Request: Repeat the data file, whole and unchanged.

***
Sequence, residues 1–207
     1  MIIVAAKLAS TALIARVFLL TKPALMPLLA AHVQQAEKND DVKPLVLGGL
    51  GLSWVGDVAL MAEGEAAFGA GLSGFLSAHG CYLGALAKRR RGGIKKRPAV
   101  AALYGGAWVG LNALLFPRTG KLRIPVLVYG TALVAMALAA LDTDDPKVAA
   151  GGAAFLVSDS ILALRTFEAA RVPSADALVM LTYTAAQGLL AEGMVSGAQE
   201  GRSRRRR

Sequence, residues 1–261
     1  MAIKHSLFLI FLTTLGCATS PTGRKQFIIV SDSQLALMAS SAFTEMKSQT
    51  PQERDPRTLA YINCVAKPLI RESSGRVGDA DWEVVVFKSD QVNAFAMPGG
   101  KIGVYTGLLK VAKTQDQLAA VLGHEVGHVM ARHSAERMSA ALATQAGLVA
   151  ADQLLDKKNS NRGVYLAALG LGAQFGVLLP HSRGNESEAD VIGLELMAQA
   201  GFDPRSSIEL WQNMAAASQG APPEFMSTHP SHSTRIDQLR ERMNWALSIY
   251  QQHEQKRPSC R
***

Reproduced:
Sequence, residues 1–207
     1  MIIVAAKLAS TALIARVFLL TKPALMPLLA AHVQQAEKND DVKPLVLGGL
    51  GLSWVGDVAL MAEGEAAFGA GLSGFLSAHG CYLGALAKRR RGGIKKRPAV
   101  AALYGGAWVG LNALLFPRTG KLRIPVLVYG TALVAMALAA LDTDDPKVAA
   151  GGAAFLVSDS ILALRTFEAA RVPSADALVM LTYTAAQGLL AEGMVSGAQE
   201  GRSRRRR

Sequence, residues 1–261
     1  MAIKHSLFLI FLTTLGCATS PTGRKQFIIV SDSQLALMAS SAFTEMKSQT
    51  PQERDPRTLA YINCVAKPLI RESSGRVGDA DWEVVVFKSD QVNAFAMPGG
   101  KIGVYTGLLK VAKTQDQLAA VLGHEVGHVM ARHSAERMSA ALATQAGLVA
   151  ADQLLDKKNS NRGVYLAALG LGAQFGVLLP HSRGNESEAD VIGLELMAQA
   201  GFDPRSSIEL WQNMAAASQG APPEFMSTHP SHSTRIDQLR ERMNWALSIY
   251  QQHEQKRPSC R